Kodak Folding Pocket Camera. Photo: Charles Mahorney
“Living in a fisheye lens, caught in the camera eye.” – Rush “Limelight” from their Moving Pictures album 1981
Please enjoy the following musical compilation following the theme of photography, and feel free to add your own tracks!
Lady Gaga – Paparazzi
Filter - Take a Picture
Def Leppard – Photograph
Nickelback – Photograph
Paul Simon – Kodachrome
Duran Duran – Girls on Film
John Mayer - 3×5
J. Geils Band – Freeze Frame
The Cure – Pictures of You
Patsy Cline – [I've Got Your Picture] She’s Got You
Jim Croce – Photographs and Memories
Holger Czukay – Photo Song
Susan Rothenberg, Three Masks, 2006. Oil on canvas, overall: 59 3/16 in x 66 1/8 in. The Phillips Collection, Washington, D.C. The Dreier Fund for Acquisitions, 2007.
Currently on display in the Sant Building, Susan Rothenberg’s Three Masks (2006) depicts three theatrical masks, one held by a pair of disembodied mannequin-esque arms rising from a field of white. Masks have been a popular subject not only for Rothenberg but for a number of artists. Recently, I was tasked with painting my cousin’s pee-wee ice hockey league goalie mask. Here are the steps I took:
- Disassemble the mask, removing the cage and all hardware.
- Sand the entire surface of the mask using 200, 400, and 600 grit sandpaper. Fill in any imperfections with body filler.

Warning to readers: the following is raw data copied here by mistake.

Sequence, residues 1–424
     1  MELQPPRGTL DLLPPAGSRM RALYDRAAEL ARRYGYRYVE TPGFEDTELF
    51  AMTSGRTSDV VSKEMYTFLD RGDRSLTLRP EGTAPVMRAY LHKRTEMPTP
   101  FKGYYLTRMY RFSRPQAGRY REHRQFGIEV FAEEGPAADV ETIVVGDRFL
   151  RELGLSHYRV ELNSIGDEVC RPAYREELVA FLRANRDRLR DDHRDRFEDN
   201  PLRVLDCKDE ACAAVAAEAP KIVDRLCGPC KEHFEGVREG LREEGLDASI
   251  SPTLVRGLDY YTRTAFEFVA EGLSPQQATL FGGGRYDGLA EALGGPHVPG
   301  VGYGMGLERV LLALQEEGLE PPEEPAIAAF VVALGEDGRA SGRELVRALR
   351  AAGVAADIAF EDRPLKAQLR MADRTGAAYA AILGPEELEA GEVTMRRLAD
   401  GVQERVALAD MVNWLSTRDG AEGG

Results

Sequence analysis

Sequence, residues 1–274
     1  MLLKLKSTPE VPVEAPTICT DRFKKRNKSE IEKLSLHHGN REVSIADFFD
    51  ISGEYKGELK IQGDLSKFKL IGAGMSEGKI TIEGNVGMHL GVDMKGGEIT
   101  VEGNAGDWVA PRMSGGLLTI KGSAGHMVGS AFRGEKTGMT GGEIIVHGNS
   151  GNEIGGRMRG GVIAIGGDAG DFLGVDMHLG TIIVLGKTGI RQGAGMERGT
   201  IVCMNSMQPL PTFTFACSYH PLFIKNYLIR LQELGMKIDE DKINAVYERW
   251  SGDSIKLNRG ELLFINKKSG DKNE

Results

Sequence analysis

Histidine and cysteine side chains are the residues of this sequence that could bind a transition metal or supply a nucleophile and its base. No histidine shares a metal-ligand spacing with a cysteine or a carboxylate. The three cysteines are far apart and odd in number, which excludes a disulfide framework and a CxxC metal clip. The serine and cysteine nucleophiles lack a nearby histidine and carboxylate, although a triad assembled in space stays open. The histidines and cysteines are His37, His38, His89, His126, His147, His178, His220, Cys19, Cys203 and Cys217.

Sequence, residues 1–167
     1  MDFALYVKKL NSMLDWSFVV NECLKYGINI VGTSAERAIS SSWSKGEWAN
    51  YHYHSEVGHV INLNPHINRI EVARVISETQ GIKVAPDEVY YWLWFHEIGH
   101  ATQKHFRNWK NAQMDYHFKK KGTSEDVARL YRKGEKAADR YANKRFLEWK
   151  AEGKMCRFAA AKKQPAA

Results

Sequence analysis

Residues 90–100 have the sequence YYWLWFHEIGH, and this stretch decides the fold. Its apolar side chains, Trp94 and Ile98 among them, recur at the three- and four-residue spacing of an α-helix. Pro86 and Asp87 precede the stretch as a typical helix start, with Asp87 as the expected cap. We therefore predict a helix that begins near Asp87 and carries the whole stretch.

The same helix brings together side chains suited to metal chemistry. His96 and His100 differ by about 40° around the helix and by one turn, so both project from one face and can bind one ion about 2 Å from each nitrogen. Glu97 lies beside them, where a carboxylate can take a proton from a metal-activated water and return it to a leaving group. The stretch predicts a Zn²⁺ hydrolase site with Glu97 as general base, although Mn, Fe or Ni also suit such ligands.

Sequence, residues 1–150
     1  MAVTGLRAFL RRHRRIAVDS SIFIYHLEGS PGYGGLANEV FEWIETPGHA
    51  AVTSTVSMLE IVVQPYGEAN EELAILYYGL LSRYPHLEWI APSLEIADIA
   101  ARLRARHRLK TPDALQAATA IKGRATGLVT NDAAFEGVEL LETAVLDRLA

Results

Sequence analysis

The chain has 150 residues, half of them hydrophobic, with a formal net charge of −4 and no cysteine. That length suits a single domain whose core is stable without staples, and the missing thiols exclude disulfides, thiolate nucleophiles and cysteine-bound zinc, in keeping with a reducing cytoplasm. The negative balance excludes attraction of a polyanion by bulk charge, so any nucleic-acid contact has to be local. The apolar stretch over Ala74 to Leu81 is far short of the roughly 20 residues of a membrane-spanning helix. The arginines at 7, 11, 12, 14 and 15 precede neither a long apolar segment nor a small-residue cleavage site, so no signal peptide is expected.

- Apply masking tape to the padding, and insert cotton balls into the vent holes to keep the mask’s interior padding intact.
- Spray filler primer onto the mask evenly.
Photos: Sandy Lee
- Pencil in the design, and apply paint. In this instance, I chose acrylic paint for its non-reactive properties with the fiberglass of the mask.
- Apply clearcoat, polish with polishing compound, and reassemble.
(Left) The helmet in use. (Right) The author taking a shot on the goalie Avery Eng with featured mask. Photo courtesy of Jacqueline Warner.
Photos from Elaine and Dick Van Blerkom's scrapbook to commemorate Dick's 1980s birthday themed after the 1880s Luncheon of the Boating Party.
Arguably one of the finest paintings at The Phillips Collection, Pierre-Auguste Renoir’s Luncheon of the Boating Party portrays a lavish gathering of Renoir’s contemporaries and colleagues for a pleasant midday meal. The work is inspiring in its subject matter, its scale, and its technique, so much so that it moved Elaine and Dick Van Blerkom to recreate their own luncheon on the C&O Canal in full period costume (hear about their first encounter with the painting on a first date to the Phillips in 1963 in their “Love Stories” video below).
The Smithsonian’s Food & Think blog has these DIY tips for an idyllic Renoir-inspired luncheon.
By all means, come and study Renoir’s Luncheon of the Boating Party at the Phillips as a guide for your next gathering, but please note, parasols will be checked at the door.